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Juan Miguel A. Montes

Dear Mr. Gladwell,

I loved your books and am now a big fan of your articles. I had just read "Late Bloomers" and it reminded me of a blog entry by Silicon Valley serial entrepreneur Marc Andreesen. His blog article, entitled "Age and the Entrepreneur, part 1: Some Data"

http://blog.pmarca.com/2007/08/age-and-the-ent.html

also touches on the phenomenon of the Creativity - to - Age distribution of "geniuses" but includes even "geniuses" from outside of the fine arts.

Mr. Andreesen discusses passages from a 1988 study by a University of California Davis Professor of Psychology - Dean Simonton - entitled "Age and Outstanding Achievement: What Do We Know After a Century of Research?"

In his take, Age-to-Creative Productivity data in geniuses cluster field-wise, rather than according to the "conceptual" vs "experimental" axis.

For example, the reference he cites suggests that the typically "precocious" come from the ranks of pure mathematicians, lyric poets, and theoretical physicists, while "late bloomers" appear among novelists, historians, philosophers, medical scientists, and general scholars.

Perhaps you are familiar with the Simonton reference and the Andreesen article - they seem to agree with your own article's premise that we stereotypically identify creative genius with precocity but we miss the actual variations in the data. I couldn't help but think that perhaps your framework and Mr. Andreesen's may be pointing in the same direction.

I would love to hear your discussion on this.


Best regards,

Juan Miguel A. Montes

Philippines

Juan Miguel A. Montes

P.S.

Oh I just read what I wrote and then again I am thinking that the field-wise clustering actually follows the "conceptual" vs. "experimental" clustering!

Key words: "pure... theoretical..." vs. "historian... medical scientist..."

Robin

I've often wondered about those people who seem to have chosen the right career at age 22 and developed it all the way to their mid 40's. They would like to try something new. However, because of all their previous successes, headhunters trap them to only their previous industries.

Then I wonder about the many who didn't know what they wanted to be when they graduated. Or when they did, the field they were in was hot and then it became obsolete (think of the IT jobs lost to outsourcing to other countries.) Or they get to know themselves and their strengths better and now they're really ready to release great products. Problem is they haven't built up that "proven track record" employers demand.

Why can't we evaluate people on what they can do NOW?

Marion James

Malcolm,
I have just read your book "Outliers", which I found absolutely fascinating. I am left wondering whether a person with adverse human qualities is also a type of "outlier"? For instance, do paedophiles all have some environmental or cultural basis for their perversion. Do mass murderers have similar traits? Have you thought of looking into this at all?! I ask because my father had let's say "problems" which he blamed in part upon his upbringing. It would be nice to think he was simply dealt a bad hand in life, and that under different circumstances he could have been a good man - but I doubt it. Any comments?!

Carla Robinson

Hi Malcolm, congrats on your success with Outliers. I just wanted to add an idea on creativity and being part indigenous. I went to huge journalist of color conference in Seattle in 1999 where people were organized into four groups according to their racial organizations, the Hispanic Journalist Assoc, the Asian JA, The African American JA, and the Native American JA (NAJA). I attended events and workshops for all the different groups and hung out with people from all dif. backgrounds. The cultural events each group held were very much what you'd expect, but the dialogue at the different workshops and plenaries surprised me. I noticed it because I'm a news anchor in Canada who is Native Canadian, and was hanging out with Hattie Kaufman, who is one of the first Native American news anchors with CBS. All the other groups seemed most concerned about breaking down the glass ceilings and getting ahead at the big networks and papers. Meanwhile at the NAJA events, the discussions were more about strengthening the media in our communities, tribal radio and newspapers, and identity, etc. With Hattie and myself, they were kind of like, 'that's very nice that you two are doing well in their world, congratulations, now back to constructing our radio and newspaper institutions. I wasn't offended, I just noticed that culturally it's wasn't important for many of the Native journalists to fit into the mainstream world. While they want jobs to feed their family, Native ideas of success are far from rising to the top of society's social strata. But, in a way, we are Outliers. If you look at a lot of musicians with Native backgrounds, this ability to stand away from the crowd and pursue your own unique voice can lead to incredible creative and unique perspectives. Two of Elvis Presley's grandparents were Creek or Cherokee Indians (he was also part Jewish, Scottish, from a family of sharecroppers) Buffy St. Marie, Link Wray, and many others. I noticed in the last chapter that you have some Arawak in your blood, maybe your ability to see beyond societies social constructs is a gift from your ancestor!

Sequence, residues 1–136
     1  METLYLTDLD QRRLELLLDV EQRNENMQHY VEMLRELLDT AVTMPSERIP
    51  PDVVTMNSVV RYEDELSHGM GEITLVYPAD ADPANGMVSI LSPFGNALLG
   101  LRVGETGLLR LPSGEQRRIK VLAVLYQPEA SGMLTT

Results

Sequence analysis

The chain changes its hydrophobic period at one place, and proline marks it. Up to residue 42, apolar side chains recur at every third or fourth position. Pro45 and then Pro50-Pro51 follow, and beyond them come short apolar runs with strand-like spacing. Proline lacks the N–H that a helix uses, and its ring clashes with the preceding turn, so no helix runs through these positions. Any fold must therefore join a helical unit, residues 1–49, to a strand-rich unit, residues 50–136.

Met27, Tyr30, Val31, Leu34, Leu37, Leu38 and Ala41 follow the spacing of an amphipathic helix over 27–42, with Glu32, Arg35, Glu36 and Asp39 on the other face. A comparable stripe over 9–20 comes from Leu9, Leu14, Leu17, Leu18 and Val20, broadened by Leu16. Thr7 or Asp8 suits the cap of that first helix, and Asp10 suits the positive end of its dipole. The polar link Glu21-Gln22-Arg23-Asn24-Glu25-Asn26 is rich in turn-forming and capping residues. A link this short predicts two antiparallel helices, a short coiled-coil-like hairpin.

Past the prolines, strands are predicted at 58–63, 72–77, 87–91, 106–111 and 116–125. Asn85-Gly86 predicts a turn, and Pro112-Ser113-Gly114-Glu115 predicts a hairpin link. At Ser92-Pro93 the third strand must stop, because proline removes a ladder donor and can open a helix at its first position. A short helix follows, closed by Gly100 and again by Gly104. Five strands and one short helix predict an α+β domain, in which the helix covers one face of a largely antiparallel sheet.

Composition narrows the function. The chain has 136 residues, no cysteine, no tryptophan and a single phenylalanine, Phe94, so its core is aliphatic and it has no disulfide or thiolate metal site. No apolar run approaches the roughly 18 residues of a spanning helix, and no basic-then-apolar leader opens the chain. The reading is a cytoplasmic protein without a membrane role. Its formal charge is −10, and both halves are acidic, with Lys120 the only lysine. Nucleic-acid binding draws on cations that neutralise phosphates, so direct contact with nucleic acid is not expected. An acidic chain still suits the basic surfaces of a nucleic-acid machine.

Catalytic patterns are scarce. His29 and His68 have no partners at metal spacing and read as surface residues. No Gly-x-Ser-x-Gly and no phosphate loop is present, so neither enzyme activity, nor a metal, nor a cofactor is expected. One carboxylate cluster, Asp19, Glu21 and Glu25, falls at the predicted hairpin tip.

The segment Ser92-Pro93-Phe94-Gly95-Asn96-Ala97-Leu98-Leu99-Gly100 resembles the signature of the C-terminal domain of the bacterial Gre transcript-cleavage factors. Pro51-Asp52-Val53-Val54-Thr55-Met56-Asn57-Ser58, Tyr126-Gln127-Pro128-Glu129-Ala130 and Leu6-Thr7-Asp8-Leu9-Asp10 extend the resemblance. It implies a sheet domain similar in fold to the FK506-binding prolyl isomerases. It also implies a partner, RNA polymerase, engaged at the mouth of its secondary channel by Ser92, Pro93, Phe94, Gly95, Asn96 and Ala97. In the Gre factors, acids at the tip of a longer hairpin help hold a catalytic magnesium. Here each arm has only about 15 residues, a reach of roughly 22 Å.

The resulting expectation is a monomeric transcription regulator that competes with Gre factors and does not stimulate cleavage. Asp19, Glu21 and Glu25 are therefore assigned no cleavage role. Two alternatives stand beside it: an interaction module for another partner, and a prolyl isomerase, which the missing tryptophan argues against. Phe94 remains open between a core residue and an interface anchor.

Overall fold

Rachelle

I just finished Outliers—loved it. I can’t find a schedule of your speaking/book tour. When are you coming to Minneapolis again?

Lynda Filler

I am such a ditz ...haha, I posted a comment for you on Outliers and Late Bloomers over on the page for The War On Drugs...and then lost it in the cyber world. I hope you find it and enjoy it....
you are amazing,
thank you,
Lynda

Ana Virginia Kesselring,

I have been reading your articles for about a month and I was really impressed. You can find those examples everywhere and who knows if one is a real genius,experienced or might just be there at the right time. I am going to start reading your book, Outliers. I think I will have a lot of fun ! Nice to meet you, Malcolm